Computers No Substitute for Teachers

No one would deny that a computer is more appealing to students than a textbook or a lecture. But like the phone company ads that promise us ``a revolution is coming,'' ``A Technology Revolution in the Classroom,'' Oct. 17, is short on specifics concerning the ``dramatic changes in pedagogy'' offered by information technology.

The computer is an excellent teacher of rote skills: memorization of vocabulary (I use the computer in this way in my ancient Greek classes), math practice, ear training, etc. It is also used as a replacement for the encyclopedia, the typewriter, and the United States mail. But rote learning is the most primitive of pedagogical functions. What teachers provide, aside from the mysterious ``higher order thinking'' the article mentions, is simply the ability to tell what is unimportant - something no amount of fiber optics will ever do.

I have seen my wife, who teaches at a Friends School near Philadelphia, required to spend close to $2,000 of her own earnings to buy a laptop computer and then be expected to invent ways to use it in the classroom. Computers do not by themselves guarantee more learning. To fault the teachers for not finding ways to use the technology is to put the cart before the horse. I hope that future installments of the series will describe realistically projected uses and speak with actual teachers and students. Christopher Francese, Swarthmore, Pa. Swarthmore College

Respecting Islam's traditions

It really felt like a breath of fresh air reading something about Islam and Muslim women that did not contain a fear of radicals taking over all the controls or the human rights of women being taken away (``The Whimsy of the Wind,'' Oct. 20). While it is true that in a lot of traditional societies women have lost some of their social freedom because the people in charge abuse their power, true Islam believes in equality between men and women.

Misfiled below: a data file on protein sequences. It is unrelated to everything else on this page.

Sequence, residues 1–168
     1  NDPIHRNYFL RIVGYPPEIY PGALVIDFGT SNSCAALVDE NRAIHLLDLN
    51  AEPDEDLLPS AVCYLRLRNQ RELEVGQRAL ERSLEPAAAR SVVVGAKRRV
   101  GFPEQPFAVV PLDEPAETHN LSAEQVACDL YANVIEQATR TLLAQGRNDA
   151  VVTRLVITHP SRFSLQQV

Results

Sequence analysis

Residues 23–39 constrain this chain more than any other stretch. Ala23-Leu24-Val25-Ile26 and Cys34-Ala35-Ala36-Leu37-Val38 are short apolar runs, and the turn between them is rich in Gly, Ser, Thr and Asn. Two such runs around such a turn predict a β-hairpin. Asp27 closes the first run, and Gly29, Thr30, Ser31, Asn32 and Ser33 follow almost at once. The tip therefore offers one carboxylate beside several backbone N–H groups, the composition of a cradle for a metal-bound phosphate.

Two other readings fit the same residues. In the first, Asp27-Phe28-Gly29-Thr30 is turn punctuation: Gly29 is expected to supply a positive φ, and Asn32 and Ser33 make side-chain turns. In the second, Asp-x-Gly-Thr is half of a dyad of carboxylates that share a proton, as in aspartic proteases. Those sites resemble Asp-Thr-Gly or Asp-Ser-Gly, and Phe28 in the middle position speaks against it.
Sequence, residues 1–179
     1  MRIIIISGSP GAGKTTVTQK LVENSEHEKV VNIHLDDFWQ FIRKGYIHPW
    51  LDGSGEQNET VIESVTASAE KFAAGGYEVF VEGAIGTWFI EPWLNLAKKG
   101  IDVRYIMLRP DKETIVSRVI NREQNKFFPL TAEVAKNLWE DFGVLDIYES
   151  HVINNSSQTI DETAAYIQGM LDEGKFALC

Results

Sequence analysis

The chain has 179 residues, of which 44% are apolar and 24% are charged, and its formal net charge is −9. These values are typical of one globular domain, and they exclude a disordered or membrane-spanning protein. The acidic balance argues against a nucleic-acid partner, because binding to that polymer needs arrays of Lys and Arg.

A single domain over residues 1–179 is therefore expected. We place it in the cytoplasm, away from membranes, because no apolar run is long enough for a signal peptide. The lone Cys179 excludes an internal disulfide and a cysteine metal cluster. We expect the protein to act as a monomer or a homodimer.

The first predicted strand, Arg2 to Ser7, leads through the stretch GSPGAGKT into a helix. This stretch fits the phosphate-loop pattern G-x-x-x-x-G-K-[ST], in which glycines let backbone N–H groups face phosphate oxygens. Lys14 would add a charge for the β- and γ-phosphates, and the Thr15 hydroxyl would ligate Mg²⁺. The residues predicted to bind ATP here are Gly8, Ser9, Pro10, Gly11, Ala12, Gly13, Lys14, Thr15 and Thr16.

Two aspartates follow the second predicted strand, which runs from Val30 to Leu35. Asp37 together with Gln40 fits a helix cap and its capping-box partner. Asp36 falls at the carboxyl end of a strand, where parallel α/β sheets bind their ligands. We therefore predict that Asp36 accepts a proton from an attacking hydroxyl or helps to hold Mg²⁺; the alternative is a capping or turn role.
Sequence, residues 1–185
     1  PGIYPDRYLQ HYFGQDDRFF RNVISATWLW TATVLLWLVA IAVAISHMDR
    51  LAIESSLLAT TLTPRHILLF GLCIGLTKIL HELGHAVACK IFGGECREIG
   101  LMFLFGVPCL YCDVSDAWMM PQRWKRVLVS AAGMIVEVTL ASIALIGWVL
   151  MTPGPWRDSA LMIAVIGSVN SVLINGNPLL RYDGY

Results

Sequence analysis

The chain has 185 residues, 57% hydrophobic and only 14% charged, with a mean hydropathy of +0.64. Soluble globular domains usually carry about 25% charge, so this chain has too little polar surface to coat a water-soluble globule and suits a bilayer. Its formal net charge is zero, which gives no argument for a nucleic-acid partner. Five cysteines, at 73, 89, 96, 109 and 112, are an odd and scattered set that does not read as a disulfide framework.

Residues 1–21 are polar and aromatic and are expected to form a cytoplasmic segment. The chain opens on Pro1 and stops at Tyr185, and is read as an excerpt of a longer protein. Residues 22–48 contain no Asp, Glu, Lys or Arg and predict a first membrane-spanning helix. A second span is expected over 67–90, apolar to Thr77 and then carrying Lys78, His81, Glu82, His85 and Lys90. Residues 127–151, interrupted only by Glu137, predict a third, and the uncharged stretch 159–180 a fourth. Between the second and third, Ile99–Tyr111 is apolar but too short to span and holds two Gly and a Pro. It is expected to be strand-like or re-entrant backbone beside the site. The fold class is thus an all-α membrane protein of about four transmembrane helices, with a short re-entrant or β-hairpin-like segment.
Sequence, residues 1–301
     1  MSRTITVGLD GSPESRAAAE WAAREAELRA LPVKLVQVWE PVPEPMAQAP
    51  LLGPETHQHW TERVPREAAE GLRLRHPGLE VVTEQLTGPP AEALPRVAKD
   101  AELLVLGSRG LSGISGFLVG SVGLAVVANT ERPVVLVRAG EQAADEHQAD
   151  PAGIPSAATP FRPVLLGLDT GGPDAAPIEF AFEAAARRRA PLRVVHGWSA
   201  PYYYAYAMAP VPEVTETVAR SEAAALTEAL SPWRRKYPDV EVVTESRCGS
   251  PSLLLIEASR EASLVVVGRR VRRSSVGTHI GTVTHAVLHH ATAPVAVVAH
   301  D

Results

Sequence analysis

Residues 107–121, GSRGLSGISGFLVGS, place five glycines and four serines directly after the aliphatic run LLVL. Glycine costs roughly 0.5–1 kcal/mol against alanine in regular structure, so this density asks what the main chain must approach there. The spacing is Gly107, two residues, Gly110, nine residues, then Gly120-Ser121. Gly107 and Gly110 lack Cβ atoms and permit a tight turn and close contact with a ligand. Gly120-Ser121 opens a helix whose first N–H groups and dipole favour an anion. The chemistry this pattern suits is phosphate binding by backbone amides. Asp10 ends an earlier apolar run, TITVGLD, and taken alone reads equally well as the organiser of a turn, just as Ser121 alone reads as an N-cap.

Certain traditions and customs have grown in many societies with the influence of religion as well as other factors like weather and geography. Wearing a chador or a robe is such a tradition that fulfills the religious requirement of dressing modestly. It is nice to see a little respect shown to these traditions rather than an attempt to judge them by one's own standard. Beyond all the fearful headlines that Islam makes nowadays, a beautiful culture exists. There is still the whimsical wind that blows the robe of a lady for a brief second. Life is still amusing. Junaid Ahmed, Bloomington, Ill.

What about smokers' rights?

In the opinion-page article ``Put Tobacco Regulation Under the FDA,'' Oct. 19, the author writes as if regulation of smoking and tobacco is a debate only for governments, the tobacco industry, the medical profession, and nonsmokers. It's as if we smokers are nonhumans or are so evil or ignorant that our feelings and concerns don't have to be considered.

I hope that my letters to my congressmen opposing the proposed $2-a-pack cigarette tax to finance health-care reform were at least partly responsible for the demise of that unjust and punitive tax. If tobacco industry lobbyists also played a part, I couldn't care less. They don't speak for me. I speak for myself. In spite of the author's attempt to disenfranchise us by rendering us invisible, Congress may finally be getting the message that we smokers are people - and people who vote.

My group health plan does not cover prescription nicotine patches or any smoking cessation programs, both of which are costly. If the author really wants people like me to quit smoking, for the good of all, he could work to get addicted smokers the medical treatment we need. Doesn't that make more sense than taxing us into poverty? Laurie D. Craw, Cave Spring, Ga.

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